ATLANTA (AP) — James Develin will reach into his past every now and then by pulling out one of his notebooks from his junior and senior years at Brown University. The New England Patriots fullback flips through a few pages, shakes his head and can barely recognize what he scribbled on them on his way to earning a degree in mechanical engineering in 2010.
ATLANTA (AP) — James Develin will reach into his past every now and then by pulling out one of his notebooks from his junior and senior years at Brown University.
The New England Patriots fullback flips through a few pages, shakes his head and can barely recognize what he scribbled on them on his way to earning a degree in mechanical engineering in 2010.
"It's just like looking at a whole different language," Develin said with a big smile at the Patriots' team hotel Wednesday. "I have no idea the stuff I did."
That's because the 30-year-old Develin has been fully focused on football the past nine years. More specifically, as the bruising, bulldozing fullback who smashes holes through defensive lines and powers the way for the Patriots' running game.
"You've just got to be tough, got to be nasty, got to be physical," running back James White said. "And he's all of that."
Develin is a bit of an anomaly in today's NFL, playing a position that doesn't even exist on many teams. Only 14 of 32 squads regularly lined up a fullback — something that would have been unheard of up until a handful of years ago as two-back sets were common for decades.
With a shift to faster, spread-out offenses, the need for a big bopper in the backfield has dwindled.
Except in places such as New England, which has used Develin on 68 snaps this postseason — a number that could represent a whole regular season's worth for some of today's fullbacks.
"I think the fullback position has always kind of got the moniker that it's a dying breed, that it's kind of on its way out, but I think football is such a matchup game and things work so cyclically," Develin said. "As defenses get smaller and try to stop the passing attack, it kind of leaves them susceptible to, with lighter, faster guys on the field, for a power running game.
"I think there's always going to be a legitimate use for a fullback and I'm just happy to be out there doing what I do."
What Develin, who can squat 670 pounds and bench press 500, does isn't always seen in the game stats. Taking on defensive linemen and blitzing linebackers looking to blow up plays in the backfield is the fullback's responsibility.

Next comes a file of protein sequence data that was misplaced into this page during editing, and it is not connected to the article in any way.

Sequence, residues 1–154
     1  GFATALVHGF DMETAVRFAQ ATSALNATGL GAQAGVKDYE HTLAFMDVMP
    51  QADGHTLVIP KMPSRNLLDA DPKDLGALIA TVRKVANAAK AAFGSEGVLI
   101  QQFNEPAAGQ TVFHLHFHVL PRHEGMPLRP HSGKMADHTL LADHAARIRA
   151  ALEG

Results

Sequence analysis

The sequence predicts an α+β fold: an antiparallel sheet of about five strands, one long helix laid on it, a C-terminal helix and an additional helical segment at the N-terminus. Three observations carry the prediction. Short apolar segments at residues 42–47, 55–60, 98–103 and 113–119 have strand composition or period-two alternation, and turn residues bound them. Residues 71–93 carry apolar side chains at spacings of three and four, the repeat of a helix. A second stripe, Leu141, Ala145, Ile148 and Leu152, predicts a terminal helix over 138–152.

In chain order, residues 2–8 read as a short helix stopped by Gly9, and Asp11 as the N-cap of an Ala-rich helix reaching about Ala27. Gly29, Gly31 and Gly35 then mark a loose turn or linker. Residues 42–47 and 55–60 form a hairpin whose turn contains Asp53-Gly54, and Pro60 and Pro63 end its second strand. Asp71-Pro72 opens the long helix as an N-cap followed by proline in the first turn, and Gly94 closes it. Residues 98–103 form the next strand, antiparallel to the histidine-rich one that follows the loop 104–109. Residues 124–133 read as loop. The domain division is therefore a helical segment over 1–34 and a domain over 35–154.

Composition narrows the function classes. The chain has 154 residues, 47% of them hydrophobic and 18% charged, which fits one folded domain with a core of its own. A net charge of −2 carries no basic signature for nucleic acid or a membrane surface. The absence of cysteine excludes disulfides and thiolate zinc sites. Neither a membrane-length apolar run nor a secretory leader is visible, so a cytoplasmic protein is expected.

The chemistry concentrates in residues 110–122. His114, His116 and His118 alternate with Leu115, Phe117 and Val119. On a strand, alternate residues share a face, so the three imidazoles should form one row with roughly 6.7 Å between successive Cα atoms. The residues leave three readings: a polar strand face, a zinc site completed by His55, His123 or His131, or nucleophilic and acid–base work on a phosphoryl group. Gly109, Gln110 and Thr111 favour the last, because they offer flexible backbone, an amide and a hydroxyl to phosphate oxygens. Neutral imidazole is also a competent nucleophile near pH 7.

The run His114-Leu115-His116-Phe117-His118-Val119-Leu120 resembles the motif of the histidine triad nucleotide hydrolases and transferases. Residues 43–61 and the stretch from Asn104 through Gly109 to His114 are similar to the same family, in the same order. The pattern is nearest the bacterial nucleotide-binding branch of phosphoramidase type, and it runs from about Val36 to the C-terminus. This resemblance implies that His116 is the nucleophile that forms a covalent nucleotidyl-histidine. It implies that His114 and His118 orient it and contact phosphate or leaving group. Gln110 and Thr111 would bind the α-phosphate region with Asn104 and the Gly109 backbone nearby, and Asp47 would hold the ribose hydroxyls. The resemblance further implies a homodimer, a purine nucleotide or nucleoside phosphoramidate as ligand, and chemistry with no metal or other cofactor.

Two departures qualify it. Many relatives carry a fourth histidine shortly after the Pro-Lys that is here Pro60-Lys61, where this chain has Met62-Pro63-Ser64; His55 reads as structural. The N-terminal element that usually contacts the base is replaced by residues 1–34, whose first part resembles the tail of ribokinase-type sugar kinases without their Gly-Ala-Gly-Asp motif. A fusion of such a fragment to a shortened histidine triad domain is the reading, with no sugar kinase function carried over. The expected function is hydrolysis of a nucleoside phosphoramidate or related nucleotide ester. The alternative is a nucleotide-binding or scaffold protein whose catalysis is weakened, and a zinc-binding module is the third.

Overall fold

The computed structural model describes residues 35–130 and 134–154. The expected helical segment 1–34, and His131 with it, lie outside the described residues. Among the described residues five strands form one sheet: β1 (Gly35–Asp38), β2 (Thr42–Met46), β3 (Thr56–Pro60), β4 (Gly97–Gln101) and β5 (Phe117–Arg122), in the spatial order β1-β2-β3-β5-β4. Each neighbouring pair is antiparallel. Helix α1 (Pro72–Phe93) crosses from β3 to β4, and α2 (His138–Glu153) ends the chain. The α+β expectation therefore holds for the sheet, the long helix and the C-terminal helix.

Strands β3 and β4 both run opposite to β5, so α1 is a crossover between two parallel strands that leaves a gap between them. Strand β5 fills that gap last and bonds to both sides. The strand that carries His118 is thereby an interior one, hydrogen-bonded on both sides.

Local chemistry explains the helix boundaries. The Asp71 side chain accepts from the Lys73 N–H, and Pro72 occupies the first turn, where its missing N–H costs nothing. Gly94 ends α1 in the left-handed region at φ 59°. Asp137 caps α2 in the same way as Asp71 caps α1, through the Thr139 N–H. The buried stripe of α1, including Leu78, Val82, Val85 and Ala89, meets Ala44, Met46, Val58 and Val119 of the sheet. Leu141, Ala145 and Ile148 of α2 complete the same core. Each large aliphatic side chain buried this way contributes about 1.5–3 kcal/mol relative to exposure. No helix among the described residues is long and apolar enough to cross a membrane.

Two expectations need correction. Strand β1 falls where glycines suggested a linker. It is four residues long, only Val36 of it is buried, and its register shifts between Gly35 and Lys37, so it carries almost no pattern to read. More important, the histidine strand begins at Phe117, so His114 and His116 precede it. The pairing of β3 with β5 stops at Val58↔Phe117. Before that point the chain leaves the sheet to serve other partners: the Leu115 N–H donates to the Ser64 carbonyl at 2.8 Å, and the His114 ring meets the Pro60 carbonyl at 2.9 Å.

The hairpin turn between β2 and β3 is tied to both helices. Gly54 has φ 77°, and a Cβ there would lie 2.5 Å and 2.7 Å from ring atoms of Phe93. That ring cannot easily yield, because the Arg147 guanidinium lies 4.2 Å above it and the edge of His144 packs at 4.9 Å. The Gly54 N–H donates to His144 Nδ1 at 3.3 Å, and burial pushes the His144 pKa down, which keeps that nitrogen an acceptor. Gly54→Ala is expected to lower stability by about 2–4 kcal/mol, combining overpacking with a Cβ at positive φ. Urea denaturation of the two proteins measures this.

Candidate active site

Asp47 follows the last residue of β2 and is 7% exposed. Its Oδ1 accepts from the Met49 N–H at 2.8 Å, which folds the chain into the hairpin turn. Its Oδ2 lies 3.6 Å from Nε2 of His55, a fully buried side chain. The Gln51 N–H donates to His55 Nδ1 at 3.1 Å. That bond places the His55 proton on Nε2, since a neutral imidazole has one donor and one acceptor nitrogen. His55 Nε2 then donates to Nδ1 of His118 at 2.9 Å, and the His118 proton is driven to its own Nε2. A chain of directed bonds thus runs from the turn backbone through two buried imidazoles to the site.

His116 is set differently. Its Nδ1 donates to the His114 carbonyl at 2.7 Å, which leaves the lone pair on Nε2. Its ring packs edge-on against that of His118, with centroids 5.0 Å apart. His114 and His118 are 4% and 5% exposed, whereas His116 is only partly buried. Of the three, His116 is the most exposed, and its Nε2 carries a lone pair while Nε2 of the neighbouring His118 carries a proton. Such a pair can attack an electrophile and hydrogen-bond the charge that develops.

For Develin, that means bursting open holes for the likes of White, Sony Michel and Rex Burkhead. He thinks of himself as the "bodyguard" for the running backs.
"He's definitely our protector out there," White said with a laugh.
On the AFC championship-clinching 2-yard TD run by Burkhead, it was Develin who made a terrific block to clear things in front of him.
"I want to be the hammer," Develin said. "Not the nail."
That's how it is during most games for the 6-foot-3, 255-pound bruiser. He has 13 career regular-season carries for 23 yards and five touchdowns, including four this season. Develin also set a career best with 12 catches for 61 yards.
He has two rushes for 5 yards in the playoffs this year, and a 9-yard catch, all while setting the tone for a Patriots running game that has averaged 165.5 yards this postseason — second only to New England's Super Bowl opponent, the Los Angeles Rams (175.0).
Not bad for Develin, who didn't exactly take a direct route to get here.
He was a defensive lineman in college, racking up 15 sacks in four years while earning that Ivy League education. But he went undrafted and began lining up interviews for jobs as an engineer before insisting on giving football a final try.
He had a few tryouts with NFL teams, but was told he wasn't fast enough or flat-out good enough to make it as a pro. He played one game for the Oklahoma City Yard Dawgz of the Arena Football League.
"I never thought I'd abandon it," Develin said. "This is a dream of mine. You know, I love the game of football and I was willing to do whatever it took to make it my livelihood. I never took no for an answer and just kept chugging away, no matter how many doors were slammed in my face. I just kept on going and working as hard as I possibly could and knew that the cards would eventually fall my way."
Develin decided to give a switch to fullback a try, and got an opportunity with the Florida Tuskers of the United Football League in 2010. He showed enough to land a spot on Cincinnati's practice squad later that year, and was reunited with his former Tuskers coach in 2011 when Jay Gruden became the Bengals' offensive coordinator.
The following year, Develin was one of Cincinnati's final cuts out of training camp. Then came a call from the Patriots — and he has been a valuable piece of the Tom Brady-led offense since.
"He does so much for us," Patriots center David Andrews said. "He's such a dependable football player. He's a tough football player. He adds that extra pressure to the defense and that extra toughness to our football team."
So, Develin will keep pounding defenders for now. And, maybe one day after his football career is long over, he'll hit the books again.
"I thought an engineering degree was a pretty good thing to have in my back pocket, so I went out there and got it done," he said. "Then, I just followed my first dream, which was football, and it all worked out."